For Release: February 5, 2007
Washington, D.C. – The Commodity Futures Trading Commission’s (CFTC) Office of the Chief Economist today released a study titled “Market Growth, Trader Participation and Pricing in Energy Futures Markets.” This study provides an analysis of the composition of traders across different energy futures contract maturities and addresses questions relating to price discovery in these markets. Specifically,
The authors use CFTC data on futures trader positions to document major changes in the size and term structure of the U.S. crude oil (WTI) futures market. The authors find that as recently as 2000 trading activity in this market was heavily concentrated in nearby contracts. Since then, overall open interest has grown two-fold, with trader activity at the back end of the term structure increasing more than twice as much as the market as a whole.
The market growth in long-term (more than three years) positions generally started in 2004, which coincides with the growth in participation by commodity swap dealers.
An analysis of the composition of traders participating in the market shows that almost all large-trader categories (commodity swap dealers and arbitrageurs; hedge funds; commercial dealers; and commercial producers) now carry aggregate net positions in long-term contracts comparable in magnitude to the size of their net positions in short-term (less than three months) contracts prior to 2003. Importantly, for the first time, the authors document the diversity of the participants with different objectives trading at the back of the curve.
The authors explain that price discovery and risk transfer are critical functions performed by futures markets. The closer correlation between the prices, the more efficient transmission of information, and improved hedging opportunities. In the context of this study, the authors find that prices of one-year and two-year futures became strongly linked with the price of the near-month WTI futures for the first time in 2004. The authors provide evidence that the pricing convergence is linked mainly to commodity swap dealers, but hedge funds, floor brokers, dealer/merchants and manufacturers and producers also contributing significantly to price discovery.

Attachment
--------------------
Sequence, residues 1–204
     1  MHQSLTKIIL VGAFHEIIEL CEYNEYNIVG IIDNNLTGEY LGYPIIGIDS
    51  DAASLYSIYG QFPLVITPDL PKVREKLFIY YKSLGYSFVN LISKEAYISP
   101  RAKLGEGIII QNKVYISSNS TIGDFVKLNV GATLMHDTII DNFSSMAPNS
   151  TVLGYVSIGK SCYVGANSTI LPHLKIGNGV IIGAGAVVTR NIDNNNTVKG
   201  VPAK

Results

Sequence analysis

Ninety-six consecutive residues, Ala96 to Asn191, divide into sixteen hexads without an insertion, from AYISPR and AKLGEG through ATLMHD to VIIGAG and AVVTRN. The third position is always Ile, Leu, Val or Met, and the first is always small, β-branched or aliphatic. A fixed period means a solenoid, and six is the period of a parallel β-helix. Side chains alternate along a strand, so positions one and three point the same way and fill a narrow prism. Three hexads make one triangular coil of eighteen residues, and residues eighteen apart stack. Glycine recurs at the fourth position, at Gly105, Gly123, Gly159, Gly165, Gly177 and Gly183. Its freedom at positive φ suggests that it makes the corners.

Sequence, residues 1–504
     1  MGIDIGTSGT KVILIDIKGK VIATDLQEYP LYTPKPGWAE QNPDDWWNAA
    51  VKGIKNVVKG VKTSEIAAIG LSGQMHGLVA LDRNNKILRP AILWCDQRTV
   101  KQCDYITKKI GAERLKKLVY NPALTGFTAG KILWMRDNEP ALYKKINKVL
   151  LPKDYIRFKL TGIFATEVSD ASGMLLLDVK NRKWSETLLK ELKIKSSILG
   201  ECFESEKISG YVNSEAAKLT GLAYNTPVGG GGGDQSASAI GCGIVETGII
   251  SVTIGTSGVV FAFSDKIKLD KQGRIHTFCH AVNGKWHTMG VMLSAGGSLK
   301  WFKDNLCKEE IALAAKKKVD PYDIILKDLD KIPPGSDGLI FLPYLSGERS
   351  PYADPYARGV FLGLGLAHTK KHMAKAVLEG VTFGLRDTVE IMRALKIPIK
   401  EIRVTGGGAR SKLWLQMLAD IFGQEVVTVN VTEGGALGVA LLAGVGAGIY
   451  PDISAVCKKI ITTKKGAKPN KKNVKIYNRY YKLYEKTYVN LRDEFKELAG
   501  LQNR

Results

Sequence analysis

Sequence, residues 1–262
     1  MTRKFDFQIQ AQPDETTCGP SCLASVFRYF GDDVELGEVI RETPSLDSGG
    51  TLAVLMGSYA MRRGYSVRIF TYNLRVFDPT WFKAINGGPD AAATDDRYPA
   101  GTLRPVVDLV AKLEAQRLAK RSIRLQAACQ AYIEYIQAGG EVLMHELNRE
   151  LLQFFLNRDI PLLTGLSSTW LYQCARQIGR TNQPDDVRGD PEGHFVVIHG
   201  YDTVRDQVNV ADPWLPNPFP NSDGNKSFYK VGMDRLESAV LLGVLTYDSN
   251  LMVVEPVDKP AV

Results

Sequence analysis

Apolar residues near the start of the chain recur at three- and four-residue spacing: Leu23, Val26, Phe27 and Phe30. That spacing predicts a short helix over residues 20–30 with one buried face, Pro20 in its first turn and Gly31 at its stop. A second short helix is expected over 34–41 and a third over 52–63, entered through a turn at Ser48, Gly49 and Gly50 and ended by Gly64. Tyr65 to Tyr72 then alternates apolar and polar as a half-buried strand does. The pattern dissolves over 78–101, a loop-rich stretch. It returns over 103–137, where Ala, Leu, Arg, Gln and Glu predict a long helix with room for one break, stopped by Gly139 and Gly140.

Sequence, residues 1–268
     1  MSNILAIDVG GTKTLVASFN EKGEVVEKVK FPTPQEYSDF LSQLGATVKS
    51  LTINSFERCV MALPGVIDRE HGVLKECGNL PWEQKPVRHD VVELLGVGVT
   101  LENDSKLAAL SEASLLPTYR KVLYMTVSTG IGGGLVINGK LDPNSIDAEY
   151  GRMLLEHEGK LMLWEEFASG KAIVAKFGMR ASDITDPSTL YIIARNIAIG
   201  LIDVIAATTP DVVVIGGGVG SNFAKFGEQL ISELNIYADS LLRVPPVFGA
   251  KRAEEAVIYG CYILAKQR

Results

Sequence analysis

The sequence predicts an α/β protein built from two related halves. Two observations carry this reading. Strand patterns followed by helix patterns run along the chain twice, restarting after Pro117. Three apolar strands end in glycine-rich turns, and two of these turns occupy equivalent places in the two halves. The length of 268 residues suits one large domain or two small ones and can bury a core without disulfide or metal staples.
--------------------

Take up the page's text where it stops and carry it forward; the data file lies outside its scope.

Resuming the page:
The authors also demonstrate how increased participation by non-traditional commercial traders and speculators can enhance market quality in commodity markets.
The results have significant implications for those interested in price discovery in WTI futures, the opportunity to construct hedges in distant months with crude oil futures, with the assurance that there are diverse participants providing liquidity in distant month contracts. The study will also be of general interest to those interested in the quality of information derived from futures prices across the term structure.
Contributing to this study were Drs. Michael S. Haigh, Jeffrey H. Harris, James A. Overdahl and Michel A. Robe.
R. David Gary
Last Updated: March 18, 2007